The impact of Government welfare reforms have also been in the spotlight, after the Ministry of Social Development released information on the number of benefits they've cut under the new arrangements - see Ben Heather's Children suffering, say benefit cut critics.

There have also been more reports about the continued hardships facing families and the poor in Canterbury at the moment. The Christchurch Press, in particular, has been putting the spotlight on the ill-affects of poverty, with some hard-hitting stories such as Ashleigh Stewart's Quiet Xmas on struggle street, Olivia Carville's Hunt family fights on in Waltham Park, Marc Greenhill and Ashleigh Stewart's Human rights report targets family's post-quake plight, and Jody O'Callaghan's Counsellors 'rushed off feet'. All of these are worth reading and paint a very bleak picture of the lives of many New Zealanders.

And, of course, the problem is not confined to quake-ravaged Christchurch. The cost of living and housing is a serious problem in many areas of the country. See for example, Alanah Eriksen's Cost of home dream in Auckland - 19 incomes.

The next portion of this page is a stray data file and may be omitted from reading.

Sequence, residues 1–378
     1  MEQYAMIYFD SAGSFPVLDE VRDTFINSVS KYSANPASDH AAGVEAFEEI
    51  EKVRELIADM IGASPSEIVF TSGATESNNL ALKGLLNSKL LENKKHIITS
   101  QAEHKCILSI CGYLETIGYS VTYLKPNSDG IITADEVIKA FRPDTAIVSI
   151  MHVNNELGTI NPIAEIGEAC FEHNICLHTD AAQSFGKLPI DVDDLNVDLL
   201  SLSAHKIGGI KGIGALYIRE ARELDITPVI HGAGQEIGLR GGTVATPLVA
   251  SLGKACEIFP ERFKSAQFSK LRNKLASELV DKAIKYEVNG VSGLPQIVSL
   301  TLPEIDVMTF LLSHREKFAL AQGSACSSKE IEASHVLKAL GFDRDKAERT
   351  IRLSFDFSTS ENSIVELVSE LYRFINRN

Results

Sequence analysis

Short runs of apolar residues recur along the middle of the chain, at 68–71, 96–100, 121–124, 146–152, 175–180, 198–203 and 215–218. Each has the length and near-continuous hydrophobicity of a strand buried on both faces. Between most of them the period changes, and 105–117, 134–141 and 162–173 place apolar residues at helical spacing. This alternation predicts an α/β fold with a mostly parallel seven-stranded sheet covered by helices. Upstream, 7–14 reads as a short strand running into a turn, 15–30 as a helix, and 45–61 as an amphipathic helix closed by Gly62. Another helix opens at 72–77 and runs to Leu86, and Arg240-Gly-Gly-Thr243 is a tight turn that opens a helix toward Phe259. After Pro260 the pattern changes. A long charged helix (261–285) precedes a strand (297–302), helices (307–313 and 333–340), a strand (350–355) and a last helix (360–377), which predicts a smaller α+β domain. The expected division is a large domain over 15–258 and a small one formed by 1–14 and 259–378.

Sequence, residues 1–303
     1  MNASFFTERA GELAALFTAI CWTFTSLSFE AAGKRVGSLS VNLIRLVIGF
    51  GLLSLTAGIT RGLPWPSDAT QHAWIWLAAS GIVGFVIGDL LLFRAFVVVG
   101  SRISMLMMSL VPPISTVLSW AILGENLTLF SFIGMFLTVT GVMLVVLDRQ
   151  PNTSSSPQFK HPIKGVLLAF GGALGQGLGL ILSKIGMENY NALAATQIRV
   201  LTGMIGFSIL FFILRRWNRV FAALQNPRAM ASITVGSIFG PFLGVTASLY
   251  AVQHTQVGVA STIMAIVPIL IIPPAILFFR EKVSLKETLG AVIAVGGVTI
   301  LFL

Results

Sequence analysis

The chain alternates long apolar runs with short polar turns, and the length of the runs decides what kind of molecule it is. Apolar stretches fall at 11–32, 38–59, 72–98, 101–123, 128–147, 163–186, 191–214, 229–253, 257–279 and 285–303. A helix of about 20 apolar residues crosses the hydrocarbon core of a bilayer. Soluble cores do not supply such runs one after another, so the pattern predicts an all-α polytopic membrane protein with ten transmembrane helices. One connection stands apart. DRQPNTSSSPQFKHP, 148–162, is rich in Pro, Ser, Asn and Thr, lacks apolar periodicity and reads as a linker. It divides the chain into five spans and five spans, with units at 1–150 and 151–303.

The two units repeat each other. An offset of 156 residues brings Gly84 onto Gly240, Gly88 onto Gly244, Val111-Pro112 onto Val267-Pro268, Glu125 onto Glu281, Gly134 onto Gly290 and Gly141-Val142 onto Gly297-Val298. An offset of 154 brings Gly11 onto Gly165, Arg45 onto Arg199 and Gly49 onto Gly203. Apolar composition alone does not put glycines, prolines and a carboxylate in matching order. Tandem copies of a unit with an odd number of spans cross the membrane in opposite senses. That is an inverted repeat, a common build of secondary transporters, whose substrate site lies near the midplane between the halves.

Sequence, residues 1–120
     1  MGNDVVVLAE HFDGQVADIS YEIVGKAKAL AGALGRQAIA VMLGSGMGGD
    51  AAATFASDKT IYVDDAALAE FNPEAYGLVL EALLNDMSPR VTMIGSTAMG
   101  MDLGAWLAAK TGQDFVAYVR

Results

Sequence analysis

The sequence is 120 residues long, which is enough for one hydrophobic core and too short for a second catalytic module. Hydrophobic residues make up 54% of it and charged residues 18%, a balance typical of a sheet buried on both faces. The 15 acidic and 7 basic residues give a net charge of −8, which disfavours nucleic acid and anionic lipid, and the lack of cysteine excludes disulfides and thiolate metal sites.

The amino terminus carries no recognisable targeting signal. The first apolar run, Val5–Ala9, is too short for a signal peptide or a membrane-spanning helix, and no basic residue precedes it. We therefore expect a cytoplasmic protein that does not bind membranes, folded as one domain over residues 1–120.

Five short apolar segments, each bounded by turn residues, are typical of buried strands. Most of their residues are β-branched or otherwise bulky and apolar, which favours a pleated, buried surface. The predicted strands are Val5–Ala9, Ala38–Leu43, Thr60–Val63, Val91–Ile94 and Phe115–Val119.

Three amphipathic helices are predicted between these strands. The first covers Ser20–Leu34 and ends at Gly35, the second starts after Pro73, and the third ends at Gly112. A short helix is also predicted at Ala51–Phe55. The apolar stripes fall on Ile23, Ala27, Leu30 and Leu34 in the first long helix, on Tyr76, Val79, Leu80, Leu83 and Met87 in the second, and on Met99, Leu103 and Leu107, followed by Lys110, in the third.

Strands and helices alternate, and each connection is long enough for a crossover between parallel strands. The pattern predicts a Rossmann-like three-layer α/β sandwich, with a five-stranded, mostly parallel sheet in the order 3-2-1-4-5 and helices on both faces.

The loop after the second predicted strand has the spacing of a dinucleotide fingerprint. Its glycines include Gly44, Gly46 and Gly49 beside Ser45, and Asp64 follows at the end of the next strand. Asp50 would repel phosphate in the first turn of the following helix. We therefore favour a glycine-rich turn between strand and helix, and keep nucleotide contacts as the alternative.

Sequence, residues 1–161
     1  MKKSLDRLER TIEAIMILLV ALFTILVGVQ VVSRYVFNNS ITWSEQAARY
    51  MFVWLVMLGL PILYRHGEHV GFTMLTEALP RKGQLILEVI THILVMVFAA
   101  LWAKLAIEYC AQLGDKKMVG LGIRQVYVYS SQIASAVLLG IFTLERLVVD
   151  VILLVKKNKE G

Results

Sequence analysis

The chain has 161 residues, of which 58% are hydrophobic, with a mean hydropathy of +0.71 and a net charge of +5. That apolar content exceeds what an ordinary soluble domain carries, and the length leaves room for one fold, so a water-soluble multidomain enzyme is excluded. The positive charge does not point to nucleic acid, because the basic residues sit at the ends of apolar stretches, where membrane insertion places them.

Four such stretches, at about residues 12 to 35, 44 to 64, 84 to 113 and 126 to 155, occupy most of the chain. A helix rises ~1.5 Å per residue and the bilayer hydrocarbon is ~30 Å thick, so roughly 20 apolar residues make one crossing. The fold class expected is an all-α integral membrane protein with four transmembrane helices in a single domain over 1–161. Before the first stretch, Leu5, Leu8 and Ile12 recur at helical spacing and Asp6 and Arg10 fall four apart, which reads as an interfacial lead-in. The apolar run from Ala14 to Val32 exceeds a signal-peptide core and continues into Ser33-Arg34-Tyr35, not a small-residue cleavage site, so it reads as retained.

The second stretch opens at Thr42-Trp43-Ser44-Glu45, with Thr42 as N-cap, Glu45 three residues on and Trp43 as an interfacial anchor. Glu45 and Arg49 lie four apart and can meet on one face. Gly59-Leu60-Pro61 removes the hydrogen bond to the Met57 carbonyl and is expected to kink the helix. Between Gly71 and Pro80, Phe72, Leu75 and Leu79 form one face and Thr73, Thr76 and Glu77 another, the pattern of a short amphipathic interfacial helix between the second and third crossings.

The Political responses

The Government has largely dismissed the damning reports, with the Prime Minister emphasising that poverty was at a similar level under the last Labour Government (at a time of much greater prosperity), Bill English pointing out that National has actually tried to ameliorate the problem, and Paula Bennett describing the child poverty report as merely a re-packaging of existing government material. To see Bill English's response - as well as that of child poverty researcher Liz Craig - watch TV3's 9-minute item, Health stats prove child poverty is real - doctor.

John Key has also responded to some of the concerns by penning an opinion piece in the Herald - see: Kids of today offer bright future for NZ. This was quickly parodied by Scott Yorke - see: John Key: I believe the children are our future.

There has been plenty of disgruntlement with the Government's reaction. The Southland Times has taken National to task in its editorial today, Now about that 'proud record'. It calls for a more coherent response, 'in a more comprehensive way that honestly squares up to the sheer scale of need, and calibrates its priorities off that'. Similarly, a Herald editorial says that the 'Children's Commissioner is right to give us this reality check for Christmas', and worries that the Government isn't listening. The editorial criticises the Government for refusing to fund the type of measurement of poverty in this latest report: 'A cynic might suggest it sometimes suits the Government to have no reliable measure of the problems facing the nation. If ministers can't quantify a problem, then neither can their opponents' - see: Christmas tidings of little joy. See also, the Press editorial, Poverty should worry us all.